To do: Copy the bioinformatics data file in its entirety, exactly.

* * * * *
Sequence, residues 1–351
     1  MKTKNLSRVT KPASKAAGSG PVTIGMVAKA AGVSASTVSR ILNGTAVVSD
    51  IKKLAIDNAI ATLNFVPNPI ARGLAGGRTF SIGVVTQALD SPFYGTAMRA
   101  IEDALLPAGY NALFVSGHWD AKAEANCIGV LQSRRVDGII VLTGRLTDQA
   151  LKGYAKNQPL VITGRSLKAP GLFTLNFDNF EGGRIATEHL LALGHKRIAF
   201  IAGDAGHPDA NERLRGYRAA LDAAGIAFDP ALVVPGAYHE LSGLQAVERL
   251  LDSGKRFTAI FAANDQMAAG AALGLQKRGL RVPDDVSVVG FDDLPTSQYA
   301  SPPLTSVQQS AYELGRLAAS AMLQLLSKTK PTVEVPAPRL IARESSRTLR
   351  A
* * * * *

Sequence, residues 1–351
     1  MKTKNLSRVT KPASKAAGSG PVTIGMVAKA AGVSASTVSR ILNGTAVVSD
    51  IKKLAIDNAI ATLNFVPNPI ARGLAGGRTF SIGVVTQALD SPFYGTAMRA
   101  IEDALLPAGY NALFVSGHWD AKAEANCIGV LQSRRVDGII VLTGRLTDQA
   151  LKGYAKNQPL VITGRSLKAP GLFTLNFDNF EGGRIATEHL LALGHKRIAF
   201  IAGDAGHPDA NERLRGYRAA LDAAGIAFDP ALVVPGAYHE LSGLQAVERL
   251  LDSGKRFTAI FAANDQMAAG AALGLQKRGL RVPDDVSVVG FDDLPTSQYA
   301  SPPLTSVQQS AYELGRLAAS AMLQLLSKTK PTVEVPAPRL IARESSRTLR
   351  A